Religious Voters Make the Difference; Fighting Another Sexual Disease with no Cure

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November 14, 2000

Among Americans identified as the “most religious” voters-those who attend church more than once a week-60 percent voted for Governor Bush in the 2000 presidential election, according to Voter News Service exit polls. Only among black voters, 90 percent of whom voted for Vice President Gore-was the voting gap larger. Among voters who identify themselves as part of the “religious right,” 80 percent voted for Bush versus 18 percent for Gore. The election revealed sharp division among women as well. While women overall favored Gore by 12 percentage points, among a significant bloc of female voters, identified by Wirthlin Worldwide as “Bible Study Moms,” an overwhelming majority of 80 percent supported Bush. This group, women of faith who are married with children and for whom character, honesty and trustworthiness were a major factor in their voting decision, comprises some 22 percent of women voters.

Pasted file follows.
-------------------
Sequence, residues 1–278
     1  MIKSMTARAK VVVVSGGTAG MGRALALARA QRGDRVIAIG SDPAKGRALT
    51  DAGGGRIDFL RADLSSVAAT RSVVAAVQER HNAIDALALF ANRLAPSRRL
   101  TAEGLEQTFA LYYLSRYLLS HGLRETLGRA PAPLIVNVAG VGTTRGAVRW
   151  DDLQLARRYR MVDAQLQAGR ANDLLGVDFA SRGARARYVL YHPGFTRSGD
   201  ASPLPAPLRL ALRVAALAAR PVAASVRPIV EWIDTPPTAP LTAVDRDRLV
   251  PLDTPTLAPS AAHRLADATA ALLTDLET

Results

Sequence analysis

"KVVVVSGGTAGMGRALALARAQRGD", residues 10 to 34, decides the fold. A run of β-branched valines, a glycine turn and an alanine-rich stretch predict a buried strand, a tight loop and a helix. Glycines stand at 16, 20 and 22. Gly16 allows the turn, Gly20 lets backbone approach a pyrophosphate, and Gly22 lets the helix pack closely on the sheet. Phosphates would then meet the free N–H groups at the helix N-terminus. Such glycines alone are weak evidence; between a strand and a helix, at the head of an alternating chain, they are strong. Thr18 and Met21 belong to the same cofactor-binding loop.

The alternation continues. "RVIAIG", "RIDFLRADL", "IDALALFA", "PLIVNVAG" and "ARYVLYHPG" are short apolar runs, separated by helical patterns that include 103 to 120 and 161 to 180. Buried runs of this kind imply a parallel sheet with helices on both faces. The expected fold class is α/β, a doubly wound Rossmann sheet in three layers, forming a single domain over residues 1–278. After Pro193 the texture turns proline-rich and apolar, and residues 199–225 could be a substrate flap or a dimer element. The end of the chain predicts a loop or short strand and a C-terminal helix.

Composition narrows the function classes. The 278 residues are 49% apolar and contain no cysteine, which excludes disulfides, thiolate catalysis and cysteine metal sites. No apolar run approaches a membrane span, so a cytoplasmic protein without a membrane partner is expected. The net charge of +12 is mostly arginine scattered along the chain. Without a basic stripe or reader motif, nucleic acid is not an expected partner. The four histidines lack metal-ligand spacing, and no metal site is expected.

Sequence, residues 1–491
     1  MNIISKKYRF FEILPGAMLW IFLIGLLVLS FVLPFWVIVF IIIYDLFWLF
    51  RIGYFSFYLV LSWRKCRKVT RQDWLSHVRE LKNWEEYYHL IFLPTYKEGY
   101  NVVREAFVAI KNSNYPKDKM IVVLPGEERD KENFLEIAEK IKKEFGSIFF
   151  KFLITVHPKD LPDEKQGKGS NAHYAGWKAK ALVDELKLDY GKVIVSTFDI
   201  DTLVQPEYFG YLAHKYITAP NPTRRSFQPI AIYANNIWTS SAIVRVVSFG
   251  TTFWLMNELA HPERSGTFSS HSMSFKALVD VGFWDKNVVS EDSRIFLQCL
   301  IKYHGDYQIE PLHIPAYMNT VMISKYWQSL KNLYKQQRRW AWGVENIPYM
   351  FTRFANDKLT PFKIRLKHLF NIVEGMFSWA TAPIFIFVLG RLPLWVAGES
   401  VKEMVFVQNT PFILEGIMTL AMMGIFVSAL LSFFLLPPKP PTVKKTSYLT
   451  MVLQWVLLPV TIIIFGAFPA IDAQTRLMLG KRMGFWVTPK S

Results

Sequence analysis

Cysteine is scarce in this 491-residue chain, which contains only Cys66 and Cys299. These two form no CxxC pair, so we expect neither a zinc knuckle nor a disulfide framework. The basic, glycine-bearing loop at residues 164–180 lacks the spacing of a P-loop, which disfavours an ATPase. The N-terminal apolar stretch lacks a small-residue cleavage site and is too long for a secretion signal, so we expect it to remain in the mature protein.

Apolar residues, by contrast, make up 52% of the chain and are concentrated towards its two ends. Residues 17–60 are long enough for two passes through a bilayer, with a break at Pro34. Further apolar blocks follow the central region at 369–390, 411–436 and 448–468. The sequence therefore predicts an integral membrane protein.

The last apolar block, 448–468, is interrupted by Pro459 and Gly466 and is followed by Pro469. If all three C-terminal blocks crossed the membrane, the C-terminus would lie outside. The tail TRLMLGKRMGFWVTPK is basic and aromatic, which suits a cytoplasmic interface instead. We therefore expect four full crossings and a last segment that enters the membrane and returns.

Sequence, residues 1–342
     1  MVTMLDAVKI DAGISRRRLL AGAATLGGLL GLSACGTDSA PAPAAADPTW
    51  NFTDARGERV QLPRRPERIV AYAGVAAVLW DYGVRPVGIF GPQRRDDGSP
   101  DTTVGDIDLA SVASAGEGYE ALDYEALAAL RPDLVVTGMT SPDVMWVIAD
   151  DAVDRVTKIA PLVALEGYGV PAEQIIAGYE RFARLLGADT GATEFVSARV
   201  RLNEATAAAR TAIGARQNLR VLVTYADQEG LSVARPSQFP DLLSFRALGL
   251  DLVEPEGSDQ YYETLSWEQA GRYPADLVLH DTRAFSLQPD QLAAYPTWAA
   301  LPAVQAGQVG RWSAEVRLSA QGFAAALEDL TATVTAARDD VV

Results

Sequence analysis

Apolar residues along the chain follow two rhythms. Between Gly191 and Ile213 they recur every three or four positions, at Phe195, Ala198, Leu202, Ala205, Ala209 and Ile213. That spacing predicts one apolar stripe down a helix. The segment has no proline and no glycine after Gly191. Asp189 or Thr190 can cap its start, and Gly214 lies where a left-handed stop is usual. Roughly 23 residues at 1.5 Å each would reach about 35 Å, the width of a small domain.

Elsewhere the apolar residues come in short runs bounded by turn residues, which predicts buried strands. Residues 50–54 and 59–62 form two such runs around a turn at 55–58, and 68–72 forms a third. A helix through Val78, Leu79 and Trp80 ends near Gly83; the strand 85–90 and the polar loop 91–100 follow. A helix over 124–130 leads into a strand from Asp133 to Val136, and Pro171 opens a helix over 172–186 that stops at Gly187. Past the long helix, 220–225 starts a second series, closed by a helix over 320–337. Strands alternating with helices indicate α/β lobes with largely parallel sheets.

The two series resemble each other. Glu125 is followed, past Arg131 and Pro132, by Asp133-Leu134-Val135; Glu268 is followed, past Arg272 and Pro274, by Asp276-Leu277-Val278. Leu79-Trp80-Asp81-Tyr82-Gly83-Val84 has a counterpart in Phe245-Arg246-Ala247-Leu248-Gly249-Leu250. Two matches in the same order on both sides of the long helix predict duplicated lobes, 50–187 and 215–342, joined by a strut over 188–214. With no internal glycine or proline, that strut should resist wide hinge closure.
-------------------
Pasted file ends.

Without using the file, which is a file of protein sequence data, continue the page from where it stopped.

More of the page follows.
Fighting Another Sexual Disease with No Cure
Rep. Tom Coburn of Oklahoma is an obstetrician who has been speaking out about a rapidly spreading sexually transmitted disease with no cure-the human papilloma virus (HPV). HPV may cause cervical cancer, which, according to federal government reports, has killed more U.S. women than AIDS in the past two years. The Planned Parenthood Federation of America and other pro-choice advocates defeated legislation previously introduced by Rep. Coburn that would have included mandatory HPV reporting requirements. Rep. Coburn has requested new legislation to require warnings on condom packages and to provide more public education about the virus. Dr. Curtis C. Stine of the Medical Institute for Sexual Health in Austin, Texas stands behind Dr. Coburn. Dr. Stine warns that “the only completely safe way [to avoid HPV] is sexual abstinence until marriage, marry[ing] an uninfected partner and sexual fidelity within marriage. That’s the bottom line.”

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